* Office to open as soon as possible
* EU already reviewing sanctions policy
* More progress sought on human rights
By David Brunnstrom
BRUSSELS, Jan 5 The European Union will
open a representative office in Myanmar to manage aid programmes
and promote political dialogue, an EU spokesman said on
The move follows the handover of power to a civilian
government in Myanmar last year -- albeit one stuffed with
former military men and backed by the army -- and a series of
political and economic reforms since then.
Michael Mann, spokesman for EU foreign policy chief
Catherine Ashton, said an agreement to open the office in Yangon
had been reached with the Myanmar government. It would not be a
full delegation but would report to the EU ambassador in
Bangkok, capital of neighbouring Thailand.
"It will be responsible for management of aid programmes but
will also have a political role," he said. "We will open it as
soon as it is administratively possible."
Last November, the European Union said it was looking at
whether reforms in Myanmar could justify the bloc further easing
sanctions imposed after bloody military crackdowns on a
It said positive moves by the civilian government since the
elections had exceeded expectations but urged the reclusive
Asian country to release more dissidents -- hundreds of whom
remain in detention.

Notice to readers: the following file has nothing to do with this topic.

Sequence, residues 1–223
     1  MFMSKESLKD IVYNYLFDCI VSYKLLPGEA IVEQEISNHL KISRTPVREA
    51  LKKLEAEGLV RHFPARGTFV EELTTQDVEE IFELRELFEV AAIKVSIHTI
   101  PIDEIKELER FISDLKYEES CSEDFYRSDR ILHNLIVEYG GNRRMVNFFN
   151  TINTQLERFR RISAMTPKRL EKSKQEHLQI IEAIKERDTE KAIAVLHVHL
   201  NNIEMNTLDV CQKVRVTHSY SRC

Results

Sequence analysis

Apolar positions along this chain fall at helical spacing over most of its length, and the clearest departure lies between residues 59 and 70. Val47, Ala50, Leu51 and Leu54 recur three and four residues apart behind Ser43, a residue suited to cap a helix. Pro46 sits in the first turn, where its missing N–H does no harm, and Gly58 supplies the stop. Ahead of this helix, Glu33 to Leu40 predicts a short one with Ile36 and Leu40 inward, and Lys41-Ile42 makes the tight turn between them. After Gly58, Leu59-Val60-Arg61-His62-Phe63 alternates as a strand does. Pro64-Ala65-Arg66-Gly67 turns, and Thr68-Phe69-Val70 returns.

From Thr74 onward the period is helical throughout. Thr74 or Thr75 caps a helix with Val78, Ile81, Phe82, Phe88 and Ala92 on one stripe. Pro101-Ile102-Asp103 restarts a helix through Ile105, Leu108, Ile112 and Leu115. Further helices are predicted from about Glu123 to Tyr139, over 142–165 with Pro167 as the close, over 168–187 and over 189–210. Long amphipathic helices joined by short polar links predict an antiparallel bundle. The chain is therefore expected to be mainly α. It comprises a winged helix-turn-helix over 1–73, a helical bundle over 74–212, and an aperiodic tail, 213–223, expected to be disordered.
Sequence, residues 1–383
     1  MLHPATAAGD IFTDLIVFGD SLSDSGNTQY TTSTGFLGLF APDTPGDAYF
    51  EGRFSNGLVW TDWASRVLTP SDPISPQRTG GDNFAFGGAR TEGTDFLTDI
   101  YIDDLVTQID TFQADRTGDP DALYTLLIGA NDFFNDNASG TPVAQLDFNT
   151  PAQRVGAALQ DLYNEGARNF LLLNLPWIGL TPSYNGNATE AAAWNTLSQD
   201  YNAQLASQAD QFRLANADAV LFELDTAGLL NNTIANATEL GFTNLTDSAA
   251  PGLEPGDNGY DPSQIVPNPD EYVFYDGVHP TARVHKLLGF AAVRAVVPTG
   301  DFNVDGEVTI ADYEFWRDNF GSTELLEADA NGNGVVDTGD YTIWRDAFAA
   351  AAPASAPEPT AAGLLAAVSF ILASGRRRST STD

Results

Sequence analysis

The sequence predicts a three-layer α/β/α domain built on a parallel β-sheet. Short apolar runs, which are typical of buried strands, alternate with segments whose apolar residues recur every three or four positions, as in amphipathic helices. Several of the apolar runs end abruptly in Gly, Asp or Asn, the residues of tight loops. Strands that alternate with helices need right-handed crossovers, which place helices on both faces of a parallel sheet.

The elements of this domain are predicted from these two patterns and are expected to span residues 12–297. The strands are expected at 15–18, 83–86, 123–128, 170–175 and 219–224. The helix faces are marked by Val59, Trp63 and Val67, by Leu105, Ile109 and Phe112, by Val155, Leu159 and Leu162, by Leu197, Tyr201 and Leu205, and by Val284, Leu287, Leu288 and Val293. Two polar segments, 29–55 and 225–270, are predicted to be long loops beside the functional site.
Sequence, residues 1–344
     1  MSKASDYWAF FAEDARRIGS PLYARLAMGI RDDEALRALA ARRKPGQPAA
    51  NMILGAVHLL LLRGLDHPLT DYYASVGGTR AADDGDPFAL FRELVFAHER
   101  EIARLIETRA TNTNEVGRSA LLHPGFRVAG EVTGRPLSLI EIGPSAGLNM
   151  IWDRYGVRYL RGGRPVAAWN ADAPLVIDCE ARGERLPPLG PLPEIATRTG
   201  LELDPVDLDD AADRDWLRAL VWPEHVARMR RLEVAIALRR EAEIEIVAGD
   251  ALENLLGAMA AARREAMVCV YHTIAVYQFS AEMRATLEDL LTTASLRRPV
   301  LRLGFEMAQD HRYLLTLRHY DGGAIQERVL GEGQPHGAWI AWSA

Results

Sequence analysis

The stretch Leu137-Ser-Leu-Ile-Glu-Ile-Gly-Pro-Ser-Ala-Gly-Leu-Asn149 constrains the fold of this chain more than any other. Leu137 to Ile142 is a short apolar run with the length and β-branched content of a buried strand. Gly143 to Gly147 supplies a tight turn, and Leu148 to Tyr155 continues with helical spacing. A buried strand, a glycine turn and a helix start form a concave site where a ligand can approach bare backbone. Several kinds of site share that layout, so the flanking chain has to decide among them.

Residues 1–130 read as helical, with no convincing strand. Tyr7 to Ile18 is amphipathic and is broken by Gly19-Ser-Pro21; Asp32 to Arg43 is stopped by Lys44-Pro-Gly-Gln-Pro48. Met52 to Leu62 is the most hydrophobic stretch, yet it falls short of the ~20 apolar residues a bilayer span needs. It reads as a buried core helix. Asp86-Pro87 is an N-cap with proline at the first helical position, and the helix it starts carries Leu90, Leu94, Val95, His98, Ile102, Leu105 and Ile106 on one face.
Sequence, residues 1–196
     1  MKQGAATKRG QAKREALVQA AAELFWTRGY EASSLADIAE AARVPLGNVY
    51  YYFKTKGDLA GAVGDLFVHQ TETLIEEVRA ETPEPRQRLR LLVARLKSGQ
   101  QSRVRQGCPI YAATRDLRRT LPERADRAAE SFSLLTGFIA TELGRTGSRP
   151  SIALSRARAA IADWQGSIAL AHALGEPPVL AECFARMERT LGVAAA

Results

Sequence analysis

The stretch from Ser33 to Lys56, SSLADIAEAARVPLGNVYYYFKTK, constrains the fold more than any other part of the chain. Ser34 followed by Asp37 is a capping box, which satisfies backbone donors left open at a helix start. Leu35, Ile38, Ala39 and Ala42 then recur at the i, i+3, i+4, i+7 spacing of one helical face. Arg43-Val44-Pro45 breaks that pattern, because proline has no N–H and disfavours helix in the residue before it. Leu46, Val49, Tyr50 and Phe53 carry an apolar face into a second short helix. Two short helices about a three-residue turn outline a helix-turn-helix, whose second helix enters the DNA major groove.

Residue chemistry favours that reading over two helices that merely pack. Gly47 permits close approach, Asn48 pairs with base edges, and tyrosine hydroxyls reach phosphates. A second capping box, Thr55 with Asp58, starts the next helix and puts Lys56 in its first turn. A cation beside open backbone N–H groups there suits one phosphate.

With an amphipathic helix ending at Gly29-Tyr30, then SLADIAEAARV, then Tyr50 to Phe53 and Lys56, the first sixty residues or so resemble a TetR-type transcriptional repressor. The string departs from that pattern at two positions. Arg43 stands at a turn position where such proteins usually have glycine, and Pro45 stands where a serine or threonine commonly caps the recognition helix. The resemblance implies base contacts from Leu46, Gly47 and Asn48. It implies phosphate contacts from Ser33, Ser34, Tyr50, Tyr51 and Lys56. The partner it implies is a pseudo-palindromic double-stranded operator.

Mann said the EU was still reviewing its policy and looking
at what help it might be able to provide to Myanmar, including
the possibility of assisting the national Human Rights
"We are now working on setting up an early contact with our
human rights experts here in order to take that forward," he
Sustained political reform in Myanmar could pave the way for
an end to stiff economic sanctions and lead to Western
investment in oil, gas and other sectors to compete with
Myanmar's neighbours, especially India, Thailand and China.
News of the EU plans came as Britain's William Hague was
making the first visit by a foreign minister from the former
colonial power to Myanmar since 1955, before the military
takeover in what was known as Burma in 1962.
Hague welcomed a pledge by Myanmar to continue reforms and
release more political prisoners, saying such progress, if
sustained, would lead to deeper economic and political ties with
His trip follows one late last year by U.S. Secretary of
State Hillary Clinton, who also promised concrete support if
Myanmar moved faster on political reforms and the release of
Ashton sent her top foreign policy adviser to Myanmar last
year, and the EU, in a move to encourage reform, slightly eased
sanctions in April by ending travel bans and asset freezes on 24
civilian government officials.
(Reporting by David Brunnstrom; Editing by Rosalind Russell)